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I am using VS 2008 Express. One of the projects I'm working on uses a physics engine. For their own reasons, the maintainers of the engine suggest compiling the source with your project for better stability and compatibility, instead of linking to the static libraries.

This means that in the Class View, all the engine's classes and methods show up together with my own code. It makes it tougher to pick out my own classes from theirs. Can you group the classes with your own custom filters, much in the way you can organize the source files?

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Just right click your project and hit "Add" and then select "New Filter." It will look like a folder icon, but it will not change the underlying directory structure.

As an aside: Which physics engine are you working with that suggests this? I can't think of a reason for their suggestion to compile it along with your own project, since static linking should accomplish the same goals.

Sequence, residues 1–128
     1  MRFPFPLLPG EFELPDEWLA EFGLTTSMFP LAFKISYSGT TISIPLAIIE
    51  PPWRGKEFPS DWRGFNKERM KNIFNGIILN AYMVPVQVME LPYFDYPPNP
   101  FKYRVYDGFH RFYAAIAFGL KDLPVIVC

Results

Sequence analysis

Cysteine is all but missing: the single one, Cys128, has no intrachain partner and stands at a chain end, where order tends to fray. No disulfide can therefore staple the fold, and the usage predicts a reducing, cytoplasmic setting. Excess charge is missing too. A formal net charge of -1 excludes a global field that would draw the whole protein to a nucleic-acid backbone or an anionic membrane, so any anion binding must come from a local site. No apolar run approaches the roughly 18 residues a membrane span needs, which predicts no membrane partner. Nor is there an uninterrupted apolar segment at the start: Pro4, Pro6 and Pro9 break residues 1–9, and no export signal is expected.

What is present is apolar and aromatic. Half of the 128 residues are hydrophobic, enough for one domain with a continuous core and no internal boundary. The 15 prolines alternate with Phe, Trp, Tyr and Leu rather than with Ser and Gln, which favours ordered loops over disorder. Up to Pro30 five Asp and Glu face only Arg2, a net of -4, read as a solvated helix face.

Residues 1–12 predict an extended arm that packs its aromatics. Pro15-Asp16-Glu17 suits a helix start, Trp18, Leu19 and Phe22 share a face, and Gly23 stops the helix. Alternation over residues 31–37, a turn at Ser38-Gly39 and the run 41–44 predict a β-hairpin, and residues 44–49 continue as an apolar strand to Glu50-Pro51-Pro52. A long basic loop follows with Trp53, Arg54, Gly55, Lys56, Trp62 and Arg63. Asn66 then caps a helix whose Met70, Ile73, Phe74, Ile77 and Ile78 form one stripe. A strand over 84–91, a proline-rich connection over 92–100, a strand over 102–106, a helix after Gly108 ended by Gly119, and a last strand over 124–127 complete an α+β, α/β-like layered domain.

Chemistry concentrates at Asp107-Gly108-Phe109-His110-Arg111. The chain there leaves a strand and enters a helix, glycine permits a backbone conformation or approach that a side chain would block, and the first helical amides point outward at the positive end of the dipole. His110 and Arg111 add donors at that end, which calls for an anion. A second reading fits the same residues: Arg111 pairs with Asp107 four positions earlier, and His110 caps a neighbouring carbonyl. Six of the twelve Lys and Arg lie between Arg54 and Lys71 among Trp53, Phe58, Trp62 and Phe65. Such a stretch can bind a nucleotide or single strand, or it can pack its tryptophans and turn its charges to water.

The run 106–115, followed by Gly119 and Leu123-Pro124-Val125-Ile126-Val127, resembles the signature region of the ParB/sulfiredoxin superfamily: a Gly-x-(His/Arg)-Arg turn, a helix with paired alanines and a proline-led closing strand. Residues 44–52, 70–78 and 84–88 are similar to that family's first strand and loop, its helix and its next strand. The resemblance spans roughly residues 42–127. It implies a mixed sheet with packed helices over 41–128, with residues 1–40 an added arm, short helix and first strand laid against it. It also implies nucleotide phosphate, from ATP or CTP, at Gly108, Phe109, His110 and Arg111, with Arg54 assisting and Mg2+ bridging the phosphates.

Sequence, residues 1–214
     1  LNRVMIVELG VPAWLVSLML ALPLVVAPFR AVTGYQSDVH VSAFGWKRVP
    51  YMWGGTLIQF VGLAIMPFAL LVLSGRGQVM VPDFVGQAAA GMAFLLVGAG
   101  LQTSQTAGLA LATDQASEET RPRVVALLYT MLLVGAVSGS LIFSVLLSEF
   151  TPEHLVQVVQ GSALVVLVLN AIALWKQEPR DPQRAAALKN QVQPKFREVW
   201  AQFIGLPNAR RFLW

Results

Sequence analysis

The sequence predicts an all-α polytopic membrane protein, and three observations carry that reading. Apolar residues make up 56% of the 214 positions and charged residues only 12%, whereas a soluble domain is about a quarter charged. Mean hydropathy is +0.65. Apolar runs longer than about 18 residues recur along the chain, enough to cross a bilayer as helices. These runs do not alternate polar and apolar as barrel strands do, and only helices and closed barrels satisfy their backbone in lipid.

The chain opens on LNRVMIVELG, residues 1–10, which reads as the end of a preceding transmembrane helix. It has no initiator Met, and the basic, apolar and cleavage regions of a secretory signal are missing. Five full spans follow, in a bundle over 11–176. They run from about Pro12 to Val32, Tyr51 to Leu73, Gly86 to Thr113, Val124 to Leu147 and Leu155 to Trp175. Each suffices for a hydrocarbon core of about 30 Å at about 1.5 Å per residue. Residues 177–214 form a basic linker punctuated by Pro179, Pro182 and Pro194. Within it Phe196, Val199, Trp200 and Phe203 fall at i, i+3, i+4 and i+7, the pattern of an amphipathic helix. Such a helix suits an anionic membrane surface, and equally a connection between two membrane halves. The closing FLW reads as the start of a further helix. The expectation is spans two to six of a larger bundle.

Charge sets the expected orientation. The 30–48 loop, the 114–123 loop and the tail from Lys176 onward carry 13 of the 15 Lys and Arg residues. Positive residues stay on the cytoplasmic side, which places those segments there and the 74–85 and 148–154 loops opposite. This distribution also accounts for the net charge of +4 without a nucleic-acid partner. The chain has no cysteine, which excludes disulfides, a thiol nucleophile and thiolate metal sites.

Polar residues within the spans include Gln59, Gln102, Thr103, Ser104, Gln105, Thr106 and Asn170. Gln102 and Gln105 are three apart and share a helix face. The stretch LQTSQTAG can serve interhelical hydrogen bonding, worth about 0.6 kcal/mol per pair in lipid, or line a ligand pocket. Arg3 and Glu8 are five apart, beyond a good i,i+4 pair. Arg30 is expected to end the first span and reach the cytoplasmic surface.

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Got it. "Add" isn't actually on the Class View's right-click menu, but I found the folder icon button in the top left corner and used that. –  Chris C Jan 25 '10 at 6:30
    
Regarding the physics engine, people have been complaining about runtime errors such as access violations when statically linking with their projects. It might have to do with different VS settings used with making the libraries. I'm not complaining though: the engine has been used with several high profile games and it works great for my needs. –  Chris C Jan 25 '10 at 6:33
    
But why not compile it from source yourself and statically-link within the project? I'm still curious as to the name of the engine (not that there is a suitable replacement for PAL). –  Travis Gockel Jan 25 '10 at 6:37
    
I will consider compiling them in the future. It's just the static libs provided by them that were buggy. I'm using the Bullet physics engine. Looks like PAL can 'plug into' Bullet as well. –  Chris C Jan 25 '10 at 6:43
    
I've also used PAL with Bullet Physics with static libraries compiled alongside my own project. Worked great. You'll save a lot of compilation time (and headaches) if you put it in it's own project (especially if other things rely on the physics library). I would also recommend looking into Visual Studio "Property Sheets," as they will save you tons of time when working with multiple projects. –  Travis Gockel Jan 25 '10 at 6:51

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